Expert Decries Increase in Cyber Attacks during Covid-19

Mr. Nasongo

According to the latest Communication Authority (CA) data, Kenya’s economy lost over Ksh.35 billion due to cyber-attacks after having reported more than 56 million cyber threats for the quarter ended, December 2020, a 59% increase from threats detected in the previous quarter.

The Group Chief, Information Security Officer at I&M Bank, Mr. Nelson Nasongo, said, the increase in cyber-crime was recorded highest in the wake of the Covid-19 pandemic which saw many people operate online and increased uptake of e-commerce.

Speaking during a webinar organized by Africa – ai- Japan project and hosted by Jomo Kenyatta University of Agriculture and Technology (JKUAT) on Friday, June 11, 2021, titled:  Factors Enabling Cybercrime in the Region, Mr. Nasongo noted that “The pandemic is one of the major reasons of increased cybercrime as many people accessed services online.

However, the cyber security expert stated that as a country, we are moving towards digital transformation, therefore, we are working to ensure people learn to safeguard themselves in the digital space.

“The only reason it keeps increasing is because most of the time no action is taken. Majority of cyber-attacks victims choose to remain silent with fear of reputation damage and legal reputations, therefore, these cases keep occurring and in the same manner,” Mr. Nasongo added.

Studies reveal that older people are prone to these scams mainly due to their lack of awareness. This is one of the biggest reasons why the older population still prefer to do things the traditional way, and are reluctant to adopt, newer, easier methods.

With the pandemic urging us to work through the internet, large groups of people have sought different approaches to put up their business online. This has indeed led to massive surge in the amount of the businesses that have gone online, leading to an increase in the number of scammers.

“We have unfortunately very organized actors who work as businesses. They group, hire, train, target victims and expand their resource and reach,” he stated.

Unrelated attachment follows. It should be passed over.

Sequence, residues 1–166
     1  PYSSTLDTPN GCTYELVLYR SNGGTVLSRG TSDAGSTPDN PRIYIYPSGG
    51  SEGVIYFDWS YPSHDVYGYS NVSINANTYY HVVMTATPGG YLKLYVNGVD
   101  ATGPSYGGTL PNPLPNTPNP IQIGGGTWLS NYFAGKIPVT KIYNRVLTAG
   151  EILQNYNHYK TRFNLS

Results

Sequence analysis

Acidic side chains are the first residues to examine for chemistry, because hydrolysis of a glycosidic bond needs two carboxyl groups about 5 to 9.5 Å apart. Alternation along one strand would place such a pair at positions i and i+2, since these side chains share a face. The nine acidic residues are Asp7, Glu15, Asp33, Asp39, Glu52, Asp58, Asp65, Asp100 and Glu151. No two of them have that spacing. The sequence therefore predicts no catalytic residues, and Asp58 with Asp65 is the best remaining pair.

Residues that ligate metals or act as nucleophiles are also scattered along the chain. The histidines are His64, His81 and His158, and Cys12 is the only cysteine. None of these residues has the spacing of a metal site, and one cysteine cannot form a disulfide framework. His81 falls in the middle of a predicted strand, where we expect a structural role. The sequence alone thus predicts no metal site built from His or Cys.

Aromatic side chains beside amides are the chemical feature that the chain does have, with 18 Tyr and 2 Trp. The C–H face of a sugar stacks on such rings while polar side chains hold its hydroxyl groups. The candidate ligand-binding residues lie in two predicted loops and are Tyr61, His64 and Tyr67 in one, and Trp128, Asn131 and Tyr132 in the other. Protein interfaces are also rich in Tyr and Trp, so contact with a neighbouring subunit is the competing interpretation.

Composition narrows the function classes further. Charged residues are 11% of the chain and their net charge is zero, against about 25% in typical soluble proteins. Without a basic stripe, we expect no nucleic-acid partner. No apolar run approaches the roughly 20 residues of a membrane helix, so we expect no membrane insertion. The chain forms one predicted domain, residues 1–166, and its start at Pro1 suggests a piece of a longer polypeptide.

“But their targets who are disjointed fear of ruining their reputations and don’t want to be seen as weak entity, therefore once an organization becomes a victim, it doesn’t share its experience with others,” Mr. Nasongo elucidated.

In his contribution during the session, the Dean, School of Food and Nutritional Science, Prof. Daniel Sila, said an increasing number of cyber-attacks targeting higher education institutions and universities points to the need for effective security and greater emphasis on university-based education and research.

Currently, cyber-attacks in universities are not regarded as serious issues and are bundled up as simple information technology-based problems, which is false.

“JKUAT is known as a very strong university in the area of ICT and I think cyber-crime is living with us right now, therefore we need to really understand how we can navigate and safeguard ourselves from cyber-crime because this is thriving right now,” Prof. Sila observed.

“We need knowledge, research and capacity to do this but we need linkage to the industry to be able to navigate through the work together,” Prof. added.

Prof. Hiroshi Koaze, Chief advisor of the African -ai- Japan project thanked all the participants and the speaker of the day for challenging the university to improve the curriculum so that it can protect the students and staff against cyber attacks in the near future.

The rise in cyber threats have seen businesses lose billions of shillings and sensitive information to hackers. This has forced firms, especially in the financial sector, to be vigilant.

Prof. Koaze makes his remarks during the webinar

In order to develop a national cybersecurity management framework and to ensure the safety of Kenyan cyberspace, the Communication Authority of Kenya (CAK), established the National Kenya Computer Incident Response Team – Coordination Centre (National KE-CIRT/CC), a multi-agency association framework responsible for the national harmonization of cybersecurity reporting and incident responses.

The webinar session was moderated by the Director, School of Computing and Information Technology, Dr. Michael Kimwele.

Comments are closed.